CIA Director Allen Dulles authorized the MKULTRA program in April 1953, out of concern for rumors that POWs were being brainwashed by communists during the Korean War. The program was supposed to be an experiment in mind-control that would publicly humiliate foreign world leaders who were in opposition to the US. The most widely-known of the MKULTRA experiments was the usage of LSD. The CIA hoped they would eventually be able to use the drug to manipulate foreign world leaders such as Fidel Castro, and to make people talk during interrogations. A memorandum dated January 1952 outlined the project's objective: "Can we get control of an individual to the point where he will do our bidding against his will and even against fundamental laws of nature such as self-preservation?"

Most of the CIA researchers tried LSD themselves, and one man who was working on the project was slipped LSD into his drink. Dr. Sidney Gottlieb, Head of the CIA's Technical Services Staff had acquired an amount of LSD and secretly tested it on Dr. Frank Olson during a meeting. Other CIA researchers observed his behavior, one labelling it as "psychotic". Nine days later, Olson jumped from his hotel window and fell ten floors to his death. Gottlieb and Dulles covered up the events leading to Olson's death for over twenty years.

The LSD experiments were performed on prisoners and, during an experiment in Kentucky, 7 volunteers were given LSD for 77 consecutive days. In some cases, the prisoners were rewarded for their cooperation with injections of high-quality morphine. The CIA put forth millions of dollars into researching methods of mind control that would gain the US the upperhand in psychological warfare, most of their experiments being performed on non-volunteer subjects. Members of the CIA travelled all over the world, testing interrogation techniques while subjects were under the influence of marijuana, LSD, heroin, mescaline, sodium pentathol (the 'truth drug') and many others. One goal of the project was to brainwash people into becoming spies without their knowledge.

Most of the documents on MKULTRA were destroyed by the CIA in 1972, but many have been the subject of historical research, having gotten to the hands of investigative reporters.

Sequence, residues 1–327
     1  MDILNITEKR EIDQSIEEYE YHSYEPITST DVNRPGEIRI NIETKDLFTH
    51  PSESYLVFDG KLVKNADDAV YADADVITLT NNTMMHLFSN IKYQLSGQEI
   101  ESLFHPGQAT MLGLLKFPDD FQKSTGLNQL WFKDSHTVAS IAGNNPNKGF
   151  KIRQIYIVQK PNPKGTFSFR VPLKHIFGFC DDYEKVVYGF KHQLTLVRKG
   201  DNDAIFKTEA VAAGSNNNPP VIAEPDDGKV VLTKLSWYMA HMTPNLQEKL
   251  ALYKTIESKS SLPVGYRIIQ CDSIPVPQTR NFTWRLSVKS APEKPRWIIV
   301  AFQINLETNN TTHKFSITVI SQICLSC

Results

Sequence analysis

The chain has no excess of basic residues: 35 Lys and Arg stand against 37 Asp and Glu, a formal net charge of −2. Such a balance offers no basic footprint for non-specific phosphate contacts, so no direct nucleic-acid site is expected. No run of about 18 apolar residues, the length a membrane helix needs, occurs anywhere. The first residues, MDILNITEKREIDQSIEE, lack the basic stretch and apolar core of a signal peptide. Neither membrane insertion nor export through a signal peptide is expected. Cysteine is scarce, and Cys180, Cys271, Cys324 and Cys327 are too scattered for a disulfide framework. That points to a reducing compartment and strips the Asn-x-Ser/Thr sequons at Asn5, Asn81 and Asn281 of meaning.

One CIA auditor wrote later on:

"Precautions must be taken not only to protect operations from exposure to enemy forces, but also to conceal these activities from the American public in general. The knowledge that the agency is engaging in unethical and illicit activities would have serious repercussions in political and diplomatic circles."

An excerpt from CIA Director Stansfield Turner's Testimony during the 1977 Senate Hearing on MKULTRA:

Senator INOUYE. A sad aspect of the MKULTRA project was that it naturally involved the people who unwittingly or wittingly got involved in experimentation. I would appreciate it if you would report back to this committee in 3 months on what the Agency has done to notify these individuals and these institutions, and furthermore, to notify us as to what steps have been taken to identify victims, and if identified, what you have done to assist them, monetarily or otherwise.

Admiral TURNER. All right, sir. I will be happy to.

Senator GOLDWATER. Will the Senator yield?

Senator INOUYE. Yes, sir.

Senator GOLDWATER. I wonder if he could include in that report for our information only a complete listing of the individuals and the experiments done on them, and whether they were witting or unwitting, volunteer or nonvolunteer, and what has been the result in each case. I think that would be interesting.

Admiral TURNER. Fine. Yes, sir.

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In 1977 Victor Marchetti, a CIA veteran of 14 years, said that the CIA's claims of ceasing the project were false. Another CIA veteran, Miles Copeland, stated that after 1963 the project was focusing more on mind-control with the use of electronics. Others believe the focus was placed on other such experiments involving religious cults, such as the events of the Jonestown Massacre.